BP: 2010’s Most Irresponsible Corporate Citizen


In its continuing Deep Horizon crisis communications effort, BP now claims that it acted in a fully responsible manner. With a horrid combination of PR statements and ads, the oil company tries to maintain its dignity citing flawed efforts (we tried!). Instead BP has destroyed any remaining trust the public had in the organization.

This company has quickly become 2010’s worst corporate citizen, and it will be hard for anyone to beat them in the year’s remaining seven months (much less the decade). As the bard said, the company doth protest too much. Let’s look at what the mounting evidence reveals:

BP claims responsibility. The ethical failure in its actions cannot be dubbed socially responsible. Far from it. These corporate executives are demonstrative of some of the worst villainous behavior we have seen in decades.

The federal government maintains it has its boot on BP’s neck. It’s clear that since Obama has become personally involved — one month after the fact — the federal government is acting more responsibly, suspending further off shore drilling, etc. However, it’s not enough. It’s time to take the guillotine to BP’s neck, and file criminal proceedings against some of the world’s most despicable corporate citizens.

25 Replies to “BP: 2010’s Most Irresponsible Corporate Citizen”

  1. Geoff,

    Thanks for a powerful post that cites real data and puts this entire crisis in perspective. Hard to believe that there is anyone that, after reading your post, won’t be alarmed and pay closer attention to this issue.

    I salute you for taking the time to write this thoughtful piece.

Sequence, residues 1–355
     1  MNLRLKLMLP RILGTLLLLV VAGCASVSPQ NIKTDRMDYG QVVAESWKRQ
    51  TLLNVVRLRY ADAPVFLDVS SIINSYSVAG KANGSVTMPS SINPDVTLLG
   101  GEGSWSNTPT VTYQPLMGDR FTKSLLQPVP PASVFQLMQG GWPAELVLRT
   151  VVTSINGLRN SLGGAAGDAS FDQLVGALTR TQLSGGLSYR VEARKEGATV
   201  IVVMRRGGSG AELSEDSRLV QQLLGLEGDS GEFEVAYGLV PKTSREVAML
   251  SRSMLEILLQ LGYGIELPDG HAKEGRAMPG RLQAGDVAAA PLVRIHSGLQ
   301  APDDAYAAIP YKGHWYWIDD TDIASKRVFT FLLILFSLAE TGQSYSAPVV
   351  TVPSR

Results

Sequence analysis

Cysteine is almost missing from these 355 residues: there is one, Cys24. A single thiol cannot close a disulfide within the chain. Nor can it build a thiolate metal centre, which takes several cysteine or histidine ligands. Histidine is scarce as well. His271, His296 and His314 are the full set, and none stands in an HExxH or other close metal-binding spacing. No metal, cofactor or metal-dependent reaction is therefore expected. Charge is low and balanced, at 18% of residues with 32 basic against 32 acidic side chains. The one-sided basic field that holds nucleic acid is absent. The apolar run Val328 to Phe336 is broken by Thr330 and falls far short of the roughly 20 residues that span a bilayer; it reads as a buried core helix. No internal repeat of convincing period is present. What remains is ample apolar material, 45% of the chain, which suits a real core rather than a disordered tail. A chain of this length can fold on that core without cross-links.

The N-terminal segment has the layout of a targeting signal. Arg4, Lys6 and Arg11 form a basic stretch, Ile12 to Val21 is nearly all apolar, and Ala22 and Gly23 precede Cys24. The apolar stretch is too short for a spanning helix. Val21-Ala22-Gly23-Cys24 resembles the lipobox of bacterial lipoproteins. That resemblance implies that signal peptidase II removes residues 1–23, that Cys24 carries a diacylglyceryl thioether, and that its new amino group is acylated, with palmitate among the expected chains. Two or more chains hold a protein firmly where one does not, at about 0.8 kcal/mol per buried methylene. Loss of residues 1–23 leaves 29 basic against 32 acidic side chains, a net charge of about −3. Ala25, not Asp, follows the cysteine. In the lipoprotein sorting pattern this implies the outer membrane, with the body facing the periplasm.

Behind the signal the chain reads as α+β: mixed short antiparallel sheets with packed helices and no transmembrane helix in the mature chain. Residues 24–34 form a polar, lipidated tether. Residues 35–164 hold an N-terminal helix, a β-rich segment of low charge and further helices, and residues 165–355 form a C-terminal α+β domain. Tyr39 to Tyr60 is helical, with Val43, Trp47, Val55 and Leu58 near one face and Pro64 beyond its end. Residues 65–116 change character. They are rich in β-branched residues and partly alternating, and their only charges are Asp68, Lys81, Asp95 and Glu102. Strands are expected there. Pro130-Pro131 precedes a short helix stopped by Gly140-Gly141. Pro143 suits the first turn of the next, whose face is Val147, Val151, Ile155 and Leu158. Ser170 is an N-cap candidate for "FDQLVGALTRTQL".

2. Watching this story unfold is frustrating, heartbreaking and points to just how helpless we are. In a big weather disaster, we know Red Cross and other orgs will be there and that we as individuals can donate or volunteer to help recovery efforts.

    But in this situation, what can the individual do? Are there any clear paths people could take to help? I’ve heard of donating hair or a small mention of an oil relief fund, but wouldn’t feel confident a donation would really help this situation. The lack of constructive avenues for our concern will only continue to fuel the collective frustration, especially as the news worsens.

    Maybe the best thing that can happen for future policy is to let the outrage continue to mount. Thanks for adding a little more fuel to the fire.

  3. Sara: I would argue that BP is responsible for cleaning up, but the frustrating thing is now citizens are left wondering if they will, and how we can help. It’s unfortunate that BP’s lack of responsibility in the situation has created the need for citizen action, but I think it’s a good point to. So next week, will do a little write up on SM ways people can help out.

  4. Geoff,

    I am appreciating your “citizen reporting” of this issue, all of your links and comments have been very helpful as frankly, I can’t bear to watch the TV coverage or do much more than look at the pix. It is too depressing.

    I’d like to know which lame PR firm is responsible for aiding BP. Too often we let the flacks get off the hook. I see this all the time in my biz: competing against firms that have one or two “socially responsible” clients, while the rest are “the bad guys”…like BP, tobacco, formaldehyde, BPA, chemical lobby, et al…

    Marketing, communications, and PR professionals have an ethical duty to ask the tough questions INTERNALLY before “a line” is sold to the public.

  5. And I would say Lynne, that given the times we are in and the popularity of the term, the lawyers and the PR/Marketing folks are collaborating to protect BP and it’s image…just wish the company would put as much effort into protecting the planet! However, you and Geoff give me hope that there are some good people willing to stand up and shout from the roof tops when this stuff happens. Thank you!

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